The inspiration for today’s post comes straight from the “build a better mousetrap” file. And it all started a few weeks ago, when I decided that I had had it up to here with “chip clips!” (No, seriously!)
I have been using various forms of chip clips to close up bags of chips, rice, pasta, beans, etc. in my pantry for nearly my whole life. Sometimes they were the actual fancy chip clips they sell at the grocery store, but most of the time I just ended up using a very un-fancy clothespin instead.
The Problem With Chip Clips
As I’m sure you’ve experienced for yourself, there are several drawbacks to using chip clips (or clothespins) to “seal” bags of food. First and foremost, they do a pretty terrible job of keeping things fresh because they don’t really seal the bags at all!
Second, they are cheaply made and break constantly. (Especially the clothespins! I guess there’s a reason they’re meant for hanging clothes, not keeping food fresh.) And lastly, I’ve never come up with a good way to store all those chip clips and clothespins, so I could never seem to find one when I needed it!
The Solution: Sealing Sticks
Well, all of that changed when I recently stumbled across a new product (or at least it was new to me) called a Gripstic. And to my surprise and delight, these brilliantly simple sealing sticks turned out be the “better mousetrap” I had been searching for!
Not only is the Gripstic seal vastly superior to the one you get with regular old clips, but they’re also much easier to store since they are about the size of a straw. I store mine in a mason jar that I keep in the pantry.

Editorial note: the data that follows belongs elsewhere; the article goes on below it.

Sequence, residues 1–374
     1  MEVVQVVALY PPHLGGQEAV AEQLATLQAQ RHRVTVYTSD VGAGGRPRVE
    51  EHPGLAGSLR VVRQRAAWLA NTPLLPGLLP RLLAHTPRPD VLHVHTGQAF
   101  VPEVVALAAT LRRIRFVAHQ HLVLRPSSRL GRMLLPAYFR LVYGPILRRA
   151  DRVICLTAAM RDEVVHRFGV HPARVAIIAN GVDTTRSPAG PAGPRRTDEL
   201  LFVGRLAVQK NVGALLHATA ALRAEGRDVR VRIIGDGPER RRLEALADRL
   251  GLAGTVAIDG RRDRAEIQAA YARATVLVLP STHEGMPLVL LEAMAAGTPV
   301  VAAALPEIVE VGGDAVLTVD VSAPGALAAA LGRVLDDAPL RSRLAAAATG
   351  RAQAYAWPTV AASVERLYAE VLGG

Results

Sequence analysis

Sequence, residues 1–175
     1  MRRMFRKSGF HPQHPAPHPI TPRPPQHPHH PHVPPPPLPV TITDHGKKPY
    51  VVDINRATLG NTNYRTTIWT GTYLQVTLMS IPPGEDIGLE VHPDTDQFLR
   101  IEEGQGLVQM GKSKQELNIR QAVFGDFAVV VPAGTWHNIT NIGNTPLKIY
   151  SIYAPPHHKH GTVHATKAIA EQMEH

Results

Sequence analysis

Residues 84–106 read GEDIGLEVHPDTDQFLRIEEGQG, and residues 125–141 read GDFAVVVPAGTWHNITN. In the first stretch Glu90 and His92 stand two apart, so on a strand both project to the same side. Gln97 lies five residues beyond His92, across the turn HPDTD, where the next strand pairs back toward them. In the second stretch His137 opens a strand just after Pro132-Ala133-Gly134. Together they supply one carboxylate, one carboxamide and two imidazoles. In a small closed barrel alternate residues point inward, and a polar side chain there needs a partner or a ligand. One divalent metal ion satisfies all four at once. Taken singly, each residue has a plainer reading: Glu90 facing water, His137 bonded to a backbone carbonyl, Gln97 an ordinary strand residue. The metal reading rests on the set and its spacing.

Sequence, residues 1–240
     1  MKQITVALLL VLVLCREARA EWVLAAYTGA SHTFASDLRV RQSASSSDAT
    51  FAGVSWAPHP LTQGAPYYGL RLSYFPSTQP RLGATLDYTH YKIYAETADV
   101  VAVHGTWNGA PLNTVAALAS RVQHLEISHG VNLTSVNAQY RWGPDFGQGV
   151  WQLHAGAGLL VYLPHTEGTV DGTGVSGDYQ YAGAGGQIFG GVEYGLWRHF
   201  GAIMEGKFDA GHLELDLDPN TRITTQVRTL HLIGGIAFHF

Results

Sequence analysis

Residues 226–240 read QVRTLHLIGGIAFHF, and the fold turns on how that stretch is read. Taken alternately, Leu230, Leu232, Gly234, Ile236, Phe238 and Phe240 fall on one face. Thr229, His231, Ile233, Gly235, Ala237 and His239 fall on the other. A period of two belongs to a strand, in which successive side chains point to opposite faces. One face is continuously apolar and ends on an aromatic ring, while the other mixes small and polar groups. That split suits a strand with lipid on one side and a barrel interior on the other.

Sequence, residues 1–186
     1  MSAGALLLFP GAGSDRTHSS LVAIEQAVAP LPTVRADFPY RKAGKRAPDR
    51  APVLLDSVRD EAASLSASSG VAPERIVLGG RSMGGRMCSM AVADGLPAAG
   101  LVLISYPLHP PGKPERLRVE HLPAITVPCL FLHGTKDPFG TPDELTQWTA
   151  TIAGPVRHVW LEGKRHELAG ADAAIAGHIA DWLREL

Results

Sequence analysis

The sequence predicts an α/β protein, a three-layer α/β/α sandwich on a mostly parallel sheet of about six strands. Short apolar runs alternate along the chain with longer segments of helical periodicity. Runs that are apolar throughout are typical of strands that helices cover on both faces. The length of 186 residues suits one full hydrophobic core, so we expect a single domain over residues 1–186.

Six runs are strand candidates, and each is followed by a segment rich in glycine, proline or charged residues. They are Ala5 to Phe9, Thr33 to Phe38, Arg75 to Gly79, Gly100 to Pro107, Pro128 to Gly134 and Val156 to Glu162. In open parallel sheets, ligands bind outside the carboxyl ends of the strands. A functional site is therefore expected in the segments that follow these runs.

They come in various sizes, making them useful for sealing bags of different sizes and shapes. To use them, you simply fold down the edge of a bag, slide the guide under the crease, then slide the sleeve onto the guide over the top of the creased bag. It’s a really quick action, and when you want to re-open the bag, it’s as easy as sliding the stick off in the opposite direction you slid it on.
Not only do I love how much easier and more effective they are, but I also feel good about being able to cut back on how many ziplock bags we use in the kitchen. Instead of putting a half-used bag of frozen corn into a ziplock bag before putting it back in the freezer, I just use a Gripstic instead!
They’re also extremely handy to have in the car during longer trips. Rather than allowing half-eaten bags of chips to go stale or potentially spill everywhere, I can seal them up with a Gripstic to keep them fresh!
Where Can I Get Them?
I got this 30-pack of sealing sticks (they aren’t the name brand Gripstics, but they had good reviews and I wasn’t feeling picky) for about $18 on Amazon.
The set includes 6 sealing sticks in each of the following sizes:
If you aren’t sure you want to commit to buying 30 of them just yet, you can get a 3-pack of Gripstics (the name brand ones) on Amazon for just $5! The sealing sticks in this set are 7 1/4″, 8 3/4″, and 11 1/4″ long, so you’ll be able to test them out on a variety of different types of bags for just a few dollars.
I even stumbled across a heavy-duty version of “sealing sticks” you can use on larger bags, such as potting soil or kitty litter bags. These have been a major help in my ongoing potting bench organization efforts!
How Do You Use Them?
I use my Gripstics to seal:
- Chip and cracker bags
- Frozen foods like corn and peas
- Pantry items like flour, sugar, and chocolate chips
- Bags of candy
- Bags of cereal
- Bags of beans, rice, and pasta
- Bags of salad and other greens
- …and more!
What are some ways you could use sealing sticks in your kitchen?